Les Ottolenghi: Well you talk about this all the time, which is you refer to data as sort of the value of the enterprise, which I think is absolutely true. If you were to say, what is the new gold? People will say it’s the new gold. They say it’s a new oil. It’s a really the lifeblood of an enterprise. And you brought this out in your podcast, which is the data element, if it is contextual to behavior, of your guests in our case, allows you to act on the most valuable asset you have, time, and reduce the latency by which you can communicate something of value to that customer. So what we’ve done is we’ve moved from a data warehouse model to a realtime analytics model. So we’ve taken away out and gotten rid of our data warehouse. We’ve gone to the cloud, we’ve gone with Azure. We actually go to all three major cloud providers and we provide a view of our customer in one place, but with all the analytics stacked up against that view of the customer.
Les Ottolenghi: So we’re not really trying to make more money from them. We’re trying to say, “What is it they like? What don’t they like?” And then based on that, what can we provide them in terms of a communication that would make their experience better? What optionality could we give them for their experience? So the data element is huge and we’ve been through master data management, we have a four phase project, we’re through the second phase, in the middle of the third, and we’re now rationalized with all of our data in Heroku and Salesforce. So we’re the largest instance of Heroku out there, and it’s a single view of our customer from all our source systems, which we never had before. We’d go dark in dark data, you know?
Tim Crawford: Yeah.
Les Ottolenghi: It’s like, oh my God. And that latency frankly was a loss of value to the customer, and loss of EBITDA to us.
Tim Crawford: Yeah, and it’s been proven out time and time again that a happier, more engaged customer is actually a customer that will spend more money with you.
Les Ottolenghi: Unquestionably, and that is a fantastic point. You’ve talked about this again in your podcasts, which is what does that customer engagement look like? And I think for the customer, the customer begins to develop values in … if you subscribe to this idea of digital platforms, which I think are reasonable because you look at Google, Google is a digital platform. Amazon is a digital platform. Their outcomes happen to be an advertising and search company, and then another case, a retail and a logistics company. But whatever it may be, the data drives this and then the customers by level of engagement on that platform develop additional relationships with those companies. And those companies in turn provide new services. So when we started thinking about our casinos, we’re like, “Wow, do you think people want to sit at felt tables all the time?” It turns out, no, they want to go from a day club to a night club, to the restaurant, and they would like to actually do some sort of boxing with Apollo Creed in a VR setting out on the middle of our casino floor while people are doing karaoke on the side, by the way.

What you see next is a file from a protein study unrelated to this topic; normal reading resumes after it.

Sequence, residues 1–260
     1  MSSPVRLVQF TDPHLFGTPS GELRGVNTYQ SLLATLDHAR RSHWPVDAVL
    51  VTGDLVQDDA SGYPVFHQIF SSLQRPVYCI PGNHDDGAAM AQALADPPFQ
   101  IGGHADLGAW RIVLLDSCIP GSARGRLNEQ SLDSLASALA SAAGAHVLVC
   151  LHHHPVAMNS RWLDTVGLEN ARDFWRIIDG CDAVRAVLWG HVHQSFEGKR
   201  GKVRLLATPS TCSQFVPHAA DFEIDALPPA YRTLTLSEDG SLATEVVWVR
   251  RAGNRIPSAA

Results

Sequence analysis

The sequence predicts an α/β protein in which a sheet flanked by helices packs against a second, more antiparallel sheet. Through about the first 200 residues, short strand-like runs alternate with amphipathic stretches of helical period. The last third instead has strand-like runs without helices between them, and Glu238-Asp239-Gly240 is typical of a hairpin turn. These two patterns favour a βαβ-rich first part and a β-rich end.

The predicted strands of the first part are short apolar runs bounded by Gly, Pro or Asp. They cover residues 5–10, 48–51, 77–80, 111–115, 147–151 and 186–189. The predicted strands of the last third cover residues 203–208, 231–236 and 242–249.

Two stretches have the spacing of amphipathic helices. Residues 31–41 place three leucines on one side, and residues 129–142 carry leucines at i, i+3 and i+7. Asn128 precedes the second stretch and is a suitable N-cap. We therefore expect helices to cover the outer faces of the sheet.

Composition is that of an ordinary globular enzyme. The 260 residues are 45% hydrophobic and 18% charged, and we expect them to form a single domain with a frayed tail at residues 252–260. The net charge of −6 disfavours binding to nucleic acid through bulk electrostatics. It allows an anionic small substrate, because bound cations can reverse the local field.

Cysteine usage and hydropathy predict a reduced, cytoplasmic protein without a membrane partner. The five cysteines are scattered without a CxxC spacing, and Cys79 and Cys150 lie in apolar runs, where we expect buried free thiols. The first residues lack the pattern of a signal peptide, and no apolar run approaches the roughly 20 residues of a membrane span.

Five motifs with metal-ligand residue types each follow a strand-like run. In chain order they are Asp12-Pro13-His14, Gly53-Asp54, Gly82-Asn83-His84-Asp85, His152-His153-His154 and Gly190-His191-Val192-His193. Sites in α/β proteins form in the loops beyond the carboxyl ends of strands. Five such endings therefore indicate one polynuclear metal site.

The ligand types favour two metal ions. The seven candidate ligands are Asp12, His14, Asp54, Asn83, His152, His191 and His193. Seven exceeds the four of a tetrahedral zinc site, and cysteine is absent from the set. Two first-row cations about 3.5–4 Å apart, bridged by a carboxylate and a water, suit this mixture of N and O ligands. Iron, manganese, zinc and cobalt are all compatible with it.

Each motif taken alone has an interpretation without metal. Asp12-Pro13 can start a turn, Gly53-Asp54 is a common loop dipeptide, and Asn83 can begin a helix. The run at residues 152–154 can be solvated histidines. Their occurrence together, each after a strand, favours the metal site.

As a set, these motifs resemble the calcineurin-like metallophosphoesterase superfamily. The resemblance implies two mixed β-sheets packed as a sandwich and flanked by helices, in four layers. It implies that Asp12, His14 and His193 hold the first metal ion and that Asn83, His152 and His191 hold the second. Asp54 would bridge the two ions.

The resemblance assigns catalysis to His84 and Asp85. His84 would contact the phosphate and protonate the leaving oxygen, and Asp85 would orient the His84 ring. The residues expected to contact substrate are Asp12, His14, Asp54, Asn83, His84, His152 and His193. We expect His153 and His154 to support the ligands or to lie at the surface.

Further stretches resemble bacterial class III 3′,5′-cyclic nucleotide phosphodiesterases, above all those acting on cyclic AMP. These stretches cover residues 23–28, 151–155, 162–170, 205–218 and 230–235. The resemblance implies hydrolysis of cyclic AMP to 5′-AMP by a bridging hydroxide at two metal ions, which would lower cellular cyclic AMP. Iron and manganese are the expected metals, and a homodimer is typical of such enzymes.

Les Ottolenghi: And then we launched that in June over at The LINQ, one of our casinos. We could [crosstalk 00:16:59] stuff online. But what’s cool about it is the experience now becomes something more exciting, something you can live with, you can take home. We have a digital ribbon, which goes through The LINQ, that if you win, your face goes across The LINQ, money rains down. It’s a high definition ribbon, but it’s also in color, and it moves, and it changes shapes. And you can sit down at one of the bars at The LINQ, and actually the whole surface of the bar is a video game surface.
Tim Crawford: Wow.
Les Ottolenghi: So you can play video games on that with the other customers. My point in that is, to your question, where does the customer go? The customer goes to creating further engagement of their own, and they start to tell us through the data what it is that they really want. We look at behaviors, we measure those behaviors, we figure out patterns and then we move on. And I could go on and on, because we’ve just gone into sports betting in a huge way, and it turns out people love to bet on sports, which just happens now to be legal across the country as opposed to just Nevada or New Jersey.